BASF Catalysts has developed two lead-free, palladium-based catalysts using its proprietary NanoSelect technology that supports commercial- scale production of heterogeneous catalysts containing unimodal nano- sized metal crystallites. Unlike Lindlar catalysts, which are widely used at present in selective hydrogenation reactions, NanoSelect catalysts LF 100 and LF 200 contain no lead impurities, allowing their use in alkyne to alkene hydrogenation reactions for products that have zero tolerance for lead impurities such as APIs. In addition, they only contain one-tenth of the palladium level found in Lindlar catalysts, resulting in cost savings.

Press release from: Arkema, 420, rue d’Estienne d’Orves, F-92705 Colombes, France. Tel: +33 1 4900 8080. Fax: +33 1 4900 8396. Website:

The new pre-treatment process for cellulosic ethanol production developed by Nippon Oil can efficiently remove lignin from biomass at low temperatures with the use of a speciality gas (undisclosed – Ed). In addition, the new method is said to result in lesser environmental effects compared with existing pre-treatment processes, including thermal treatment and the utilization of sulfuric acid. Lignin needs to be removed from biomass material before it can be processed further for ethanol production. Meanwhile, Nippon Oil has partnered with seven other firms to develop by 2015 a 200,000 klitre/y bioethanol production technology at a cost of Yen 40/litre (42 cents/litre).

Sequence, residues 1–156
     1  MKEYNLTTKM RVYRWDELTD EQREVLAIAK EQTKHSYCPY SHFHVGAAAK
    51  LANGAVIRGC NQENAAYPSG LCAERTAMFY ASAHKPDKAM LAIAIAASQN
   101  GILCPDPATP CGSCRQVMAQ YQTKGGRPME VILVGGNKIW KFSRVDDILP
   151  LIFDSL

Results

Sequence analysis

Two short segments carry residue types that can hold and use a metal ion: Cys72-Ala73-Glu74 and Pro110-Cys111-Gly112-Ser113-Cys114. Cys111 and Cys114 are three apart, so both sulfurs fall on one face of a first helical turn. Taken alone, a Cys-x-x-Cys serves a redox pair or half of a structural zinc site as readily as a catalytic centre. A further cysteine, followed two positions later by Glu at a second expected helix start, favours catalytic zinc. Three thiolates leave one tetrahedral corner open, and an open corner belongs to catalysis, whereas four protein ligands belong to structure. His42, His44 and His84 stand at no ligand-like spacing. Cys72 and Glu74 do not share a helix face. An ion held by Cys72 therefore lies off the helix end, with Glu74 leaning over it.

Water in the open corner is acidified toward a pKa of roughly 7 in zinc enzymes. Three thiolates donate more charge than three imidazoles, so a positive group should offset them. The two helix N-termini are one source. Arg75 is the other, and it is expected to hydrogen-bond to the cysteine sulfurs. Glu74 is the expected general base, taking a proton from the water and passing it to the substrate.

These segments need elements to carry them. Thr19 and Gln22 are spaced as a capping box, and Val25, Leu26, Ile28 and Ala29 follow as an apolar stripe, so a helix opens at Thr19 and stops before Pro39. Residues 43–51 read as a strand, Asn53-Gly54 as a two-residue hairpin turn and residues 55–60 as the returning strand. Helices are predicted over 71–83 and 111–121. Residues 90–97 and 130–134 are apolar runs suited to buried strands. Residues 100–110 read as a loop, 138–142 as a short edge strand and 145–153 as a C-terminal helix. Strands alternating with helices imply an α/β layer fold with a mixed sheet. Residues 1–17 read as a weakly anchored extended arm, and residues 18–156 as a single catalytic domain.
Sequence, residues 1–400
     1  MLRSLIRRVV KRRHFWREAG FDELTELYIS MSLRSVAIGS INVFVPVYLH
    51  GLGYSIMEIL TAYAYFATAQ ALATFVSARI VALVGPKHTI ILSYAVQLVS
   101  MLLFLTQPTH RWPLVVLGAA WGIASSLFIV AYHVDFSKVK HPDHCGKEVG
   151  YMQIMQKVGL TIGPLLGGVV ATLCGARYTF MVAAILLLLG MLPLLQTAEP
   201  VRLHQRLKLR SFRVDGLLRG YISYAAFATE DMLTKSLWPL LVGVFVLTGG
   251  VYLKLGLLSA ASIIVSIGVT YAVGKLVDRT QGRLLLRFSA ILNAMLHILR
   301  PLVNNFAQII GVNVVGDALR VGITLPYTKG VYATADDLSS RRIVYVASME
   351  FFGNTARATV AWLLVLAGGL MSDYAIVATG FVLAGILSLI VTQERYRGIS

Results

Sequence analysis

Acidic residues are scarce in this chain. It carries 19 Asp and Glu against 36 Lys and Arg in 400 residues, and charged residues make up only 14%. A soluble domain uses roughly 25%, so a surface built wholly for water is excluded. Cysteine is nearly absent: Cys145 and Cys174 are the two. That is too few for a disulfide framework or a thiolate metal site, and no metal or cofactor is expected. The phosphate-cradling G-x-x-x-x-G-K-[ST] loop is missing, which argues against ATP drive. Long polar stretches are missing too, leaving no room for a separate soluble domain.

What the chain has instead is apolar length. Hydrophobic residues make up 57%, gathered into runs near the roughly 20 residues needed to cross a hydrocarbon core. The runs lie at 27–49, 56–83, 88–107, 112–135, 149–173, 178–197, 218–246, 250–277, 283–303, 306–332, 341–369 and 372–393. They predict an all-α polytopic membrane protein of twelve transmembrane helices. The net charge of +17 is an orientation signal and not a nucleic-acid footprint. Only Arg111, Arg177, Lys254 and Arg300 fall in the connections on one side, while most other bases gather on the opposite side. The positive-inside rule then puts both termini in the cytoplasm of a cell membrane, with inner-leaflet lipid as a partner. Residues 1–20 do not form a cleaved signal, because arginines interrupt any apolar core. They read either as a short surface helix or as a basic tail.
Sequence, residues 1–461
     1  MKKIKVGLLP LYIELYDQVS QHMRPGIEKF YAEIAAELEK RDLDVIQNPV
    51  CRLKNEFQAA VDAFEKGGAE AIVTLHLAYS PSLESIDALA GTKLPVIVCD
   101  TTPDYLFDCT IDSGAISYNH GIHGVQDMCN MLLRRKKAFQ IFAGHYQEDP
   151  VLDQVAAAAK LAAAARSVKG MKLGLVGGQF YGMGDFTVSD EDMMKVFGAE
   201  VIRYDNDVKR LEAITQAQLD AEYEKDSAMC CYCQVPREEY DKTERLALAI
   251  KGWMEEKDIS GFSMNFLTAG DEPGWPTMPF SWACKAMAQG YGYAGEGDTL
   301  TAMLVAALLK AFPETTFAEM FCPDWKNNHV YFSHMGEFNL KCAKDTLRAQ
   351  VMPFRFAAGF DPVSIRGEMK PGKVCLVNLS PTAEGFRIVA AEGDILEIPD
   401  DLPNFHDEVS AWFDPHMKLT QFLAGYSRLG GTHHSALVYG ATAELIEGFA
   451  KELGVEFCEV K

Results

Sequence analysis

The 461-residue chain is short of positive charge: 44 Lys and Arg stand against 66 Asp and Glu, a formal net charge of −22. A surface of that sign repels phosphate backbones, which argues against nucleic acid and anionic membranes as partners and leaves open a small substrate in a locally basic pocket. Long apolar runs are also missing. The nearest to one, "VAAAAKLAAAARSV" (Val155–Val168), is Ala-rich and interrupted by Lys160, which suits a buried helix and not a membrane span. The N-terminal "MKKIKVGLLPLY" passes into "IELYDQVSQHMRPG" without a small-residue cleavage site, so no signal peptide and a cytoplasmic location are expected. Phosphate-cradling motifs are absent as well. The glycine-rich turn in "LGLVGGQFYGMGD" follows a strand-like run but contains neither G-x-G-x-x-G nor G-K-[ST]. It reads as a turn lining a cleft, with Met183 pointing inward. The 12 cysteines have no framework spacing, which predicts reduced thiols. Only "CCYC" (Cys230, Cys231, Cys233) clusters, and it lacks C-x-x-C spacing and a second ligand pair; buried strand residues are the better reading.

http://www.arkema.com (12 Mar 2009) & Chimie Pharma Hebdo, 23 Mar 2009, (459), 9 (in French)

Green polymers

DSM and the French starch and starch- derivatives company ROQUETTE confirmed during the international Life Sciences Forum, BioVision, that its bio- based succinic acid demonstration plant in Lestrem (France) will be operational by the end of 2009. The pilot scale production has proven that this biological route for producing succinic acid can be commercially viable. The first tests for customers are already underway with this ‘green’ succinic acid. For the first time succinic acid, a chemical building block used in the manufacture of polymers, resins, food, and pharmaceuticals among other products, will be produced using biological means.

Speciality Chemicals, Mar 2009, 29 (2), 16-17

Argonne focuses efforts on new platinum-based catalyst

Japan Chemical Week, 12 Mar 2009, 50 (2506), 5

Argonne National Laboratory in the US (part of the Department of Energy) has identified new platinum-based catalysts for the dehydrogenation of propane to propylene. The current endothermic industrial process is expensive and not very environmentally-friendly. A new

European project for biofuels from cellulose

The Optfuel consortium led by Volkswagen and joined by IFP and 10 industrial companies and public bodies aims to develop second generation biofuels using the biomass

Meuse-Rhine Journal, 15 Mar 2009, (202) (Wadsworth & Wadsworth Assoc, PO Box 42, NL- 6245 ZG, Eijsden, The Netherlands. Tel: +31 43 4093719. Fax: +31 43 4098899. Website:

http://www.meuse-rhine-journal.com)